Food. The aquatic larva feeds on small invertebrates it is able to find among the stalks of underwater growth or along the streambed or bottom of the pond. Moving ashore as the terrestrial red eft, small insects and snails become its main prey as it searches among the leaves and earth beneath the tall trees. After returning to the water as the adult newt, foraging in the shallows produces numerous opportunities for a meal. It consumes worms, small crustaceans and mollusks, young amphibians and the eggs and larvae of amphibians. The newt is a voracious feeder and relishes fish eggs when it can find them.
General characteristics. The green salamander belongs to the lungless salamander family. This salamander family has more known species than any other. As an individual species, however, the green salamander has been placed on Pennsylvania's List of Threatened Species. Found in only a small area of the state, its restricted habitat is such that concern has been expressed for its continued existence. Drastic changes to its restricted, preferred habitat will affect the ability of this attractive salamander to continue to maintain stable populations in Pennsylvania.
Reaching a length of just over three to about five inches, the green salamander spends most of its day in hiding, preferring to move about in the relative safety of the night.
Identification. The green salamander is aptly named and is considered our only truly green salamander. Its green or greenish-yellow irregular patches stand out boldly against an otherwise black body. It is a slender salamander with a somewhat flattened body. The head, however, appears to be swollen in the area just behind the eyes. The toes are square-tipped and expanded. As a lungless salamander, the green salamander breathes through thin, moist skin. Its costal grooves number 14 or 15.
Range. In Pennsylvania the green salamander is found in only a small portion of Fayette County in southwestern Pennsylvania. Its natural range, however, extends south into Alabama, making the lower part of Pennsylvania just about the northernmost extent of its range.
Habitat. The green salamander appears to prefer only sandstone outcroppings of a particular geological formation in Pennsylvania, in areas that are damp, but not necessarily wet. It takes refuge in the sheltered, narrow crevices typically found in these large faces of stone. It would not be unusual either to find the green salamander curled up under a stone or beneath the loose bark of a rotting tree or stump. Although it likes humid areas, it also seeks protection from the sun and rain. It occasionally climbs trees, but most often is seen at or near ground level.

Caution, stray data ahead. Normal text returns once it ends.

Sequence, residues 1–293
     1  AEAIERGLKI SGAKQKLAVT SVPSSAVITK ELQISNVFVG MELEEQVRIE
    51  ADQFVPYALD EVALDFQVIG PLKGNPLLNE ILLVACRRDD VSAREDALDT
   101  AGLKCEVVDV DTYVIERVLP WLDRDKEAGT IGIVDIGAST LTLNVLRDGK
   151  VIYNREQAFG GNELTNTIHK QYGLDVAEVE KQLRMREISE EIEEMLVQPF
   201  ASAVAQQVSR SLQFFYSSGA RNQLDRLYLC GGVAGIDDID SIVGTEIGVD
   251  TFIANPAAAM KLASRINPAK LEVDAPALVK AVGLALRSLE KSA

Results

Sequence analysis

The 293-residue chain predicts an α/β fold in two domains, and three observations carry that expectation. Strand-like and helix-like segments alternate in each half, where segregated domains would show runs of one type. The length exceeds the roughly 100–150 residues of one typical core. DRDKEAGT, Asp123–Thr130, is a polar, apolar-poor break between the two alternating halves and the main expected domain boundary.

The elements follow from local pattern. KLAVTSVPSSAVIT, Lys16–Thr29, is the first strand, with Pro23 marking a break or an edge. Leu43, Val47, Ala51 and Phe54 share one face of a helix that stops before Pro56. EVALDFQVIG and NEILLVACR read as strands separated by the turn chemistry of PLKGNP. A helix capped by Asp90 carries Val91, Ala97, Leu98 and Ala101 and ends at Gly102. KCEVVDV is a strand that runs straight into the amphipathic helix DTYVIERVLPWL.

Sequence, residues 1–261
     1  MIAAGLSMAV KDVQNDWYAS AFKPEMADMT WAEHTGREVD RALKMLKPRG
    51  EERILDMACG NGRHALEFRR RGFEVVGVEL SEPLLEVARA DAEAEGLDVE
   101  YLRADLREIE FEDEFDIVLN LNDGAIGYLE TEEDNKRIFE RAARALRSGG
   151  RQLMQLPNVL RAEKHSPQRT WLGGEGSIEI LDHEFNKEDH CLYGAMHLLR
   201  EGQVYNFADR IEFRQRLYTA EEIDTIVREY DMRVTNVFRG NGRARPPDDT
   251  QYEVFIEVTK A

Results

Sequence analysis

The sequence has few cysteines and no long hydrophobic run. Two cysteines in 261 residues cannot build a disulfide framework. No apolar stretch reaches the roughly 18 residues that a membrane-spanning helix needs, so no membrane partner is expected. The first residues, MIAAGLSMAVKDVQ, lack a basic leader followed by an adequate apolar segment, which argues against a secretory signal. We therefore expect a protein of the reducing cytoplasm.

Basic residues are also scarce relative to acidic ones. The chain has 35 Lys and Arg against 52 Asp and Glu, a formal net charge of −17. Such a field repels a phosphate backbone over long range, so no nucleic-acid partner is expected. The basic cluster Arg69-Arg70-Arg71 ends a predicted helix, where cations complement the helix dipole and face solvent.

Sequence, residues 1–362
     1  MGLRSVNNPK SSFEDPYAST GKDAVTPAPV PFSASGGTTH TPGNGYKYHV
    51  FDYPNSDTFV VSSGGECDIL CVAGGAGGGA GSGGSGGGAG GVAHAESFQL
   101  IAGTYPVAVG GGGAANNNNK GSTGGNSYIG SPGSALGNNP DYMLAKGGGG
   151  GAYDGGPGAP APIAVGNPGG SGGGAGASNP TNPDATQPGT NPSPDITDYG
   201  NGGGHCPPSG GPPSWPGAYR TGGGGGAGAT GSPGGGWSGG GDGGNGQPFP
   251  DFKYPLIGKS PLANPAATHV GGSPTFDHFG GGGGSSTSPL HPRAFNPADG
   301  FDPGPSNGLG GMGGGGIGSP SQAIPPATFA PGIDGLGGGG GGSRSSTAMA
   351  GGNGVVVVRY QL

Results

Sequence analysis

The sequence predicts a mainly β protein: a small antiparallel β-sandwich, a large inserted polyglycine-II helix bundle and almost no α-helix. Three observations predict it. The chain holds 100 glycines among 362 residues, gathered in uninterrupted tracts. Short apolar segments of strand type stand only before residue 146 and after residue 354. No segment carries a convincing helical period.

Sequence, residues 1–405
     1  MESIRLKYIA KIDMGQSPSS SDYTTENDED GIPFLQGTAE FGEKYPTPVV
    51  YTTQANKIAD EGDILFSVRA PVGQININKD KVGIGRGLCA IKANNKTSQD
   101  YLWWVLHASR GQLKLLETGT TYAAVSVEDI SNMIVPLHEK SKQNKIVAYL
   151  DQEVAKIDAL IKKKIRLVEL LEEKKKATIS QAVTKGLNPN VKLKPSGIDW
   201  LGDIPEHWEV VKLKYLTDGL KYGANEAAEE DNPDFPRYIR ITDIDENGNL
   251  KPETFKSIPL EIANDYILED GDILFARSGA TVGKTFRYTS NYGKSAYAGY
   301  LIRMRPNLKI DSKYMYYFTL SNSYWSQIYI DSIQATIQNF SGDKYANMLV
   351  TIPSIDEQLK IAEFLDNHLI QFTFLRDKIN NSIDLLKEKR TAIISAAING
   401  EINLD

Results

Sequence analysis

Reproduction. The green salamander seeks its mate sometime from May to August. Some 10 to 20 sticky eggs are produced. The female attends the eggs during the 12 or so weeks they take to hatch. There is no aquatic larval stage and the hatchlings are about seven-eighths-inch long. The incubation process may at times be difficult because the eggs are attached in strands to the upper surfaces of narrow cracks in the salamander's rocky home. Sometimes they may even be deposited in the confined space where bark has separated from the solid inner wood of a tree.
Food. Small insects make up most of the green salamander's diet. Sure-footed and hunting at night, the green salamander scales sheer rock walls in search of beetles, ants and even mosquitoes.
Northern Dusky Salamander
Desmognathus fuscus fuscus
General characteristics. The northern dusky salamander is a member of a large group of salamanders, the lungless salamanders, and as an individual species is found in abundance in Pennsylvania. The northern dusky salamander also is the more common of our three dusky salamanders. Its average adult size ranges from 2 1/2 inches to 4 1/2 inches.
Identification. The northern dusky salamander is gray to tan or dark brown on the back becoming a bit lighter on each side. Although usually plain, a close inspection may sometimes show mottling not much darker than the background color. Larvae and juvenile specimens have pairs of oval blotches on each side that often fuse together to form streaks running the length of the body. Even then, this pattern may be obscured or disappear as the salamander gets older. The underside is pinkish with blue-gray speckles. The tail is triangular and less than one-half the total length of the salamander. It has 14 costal grooves.
Range. The northern dusky salamander lives statewide and is an abundant amphibian in most counties. It stretches from New England to the Carolinas and westward to Indiana.
Habitat. It seldom is found far from running water and seems to have a special fondness for spring seeps and small rivulets. It likes woodland streams where rock-strewn banks provide ample shelter. More often than not, the summer months find the northern dusky salamander submerged, taking advantage of the cooling waters. It also hibernates under water, escaping the worst of winter's rigorous cold.
Reproduction. The northern dusky salamander conducts a courting ritual that results in successful breeding during June to September. A cluster of one to three dozen eggs is left by the female who guards them until they hatch in six to 13 weeks. The eggs are deposited near water, sheltered beneath rocks or rotting logs commonly strewn along the stream bank. The nest consists of a cavity carved out of the damp soil or decaying matter. After the eggs hatch, the larvae quickly move into the water. It remains aquatic for the balance of the larval period, transforming in six to 13 months to spend its adult life along the stream.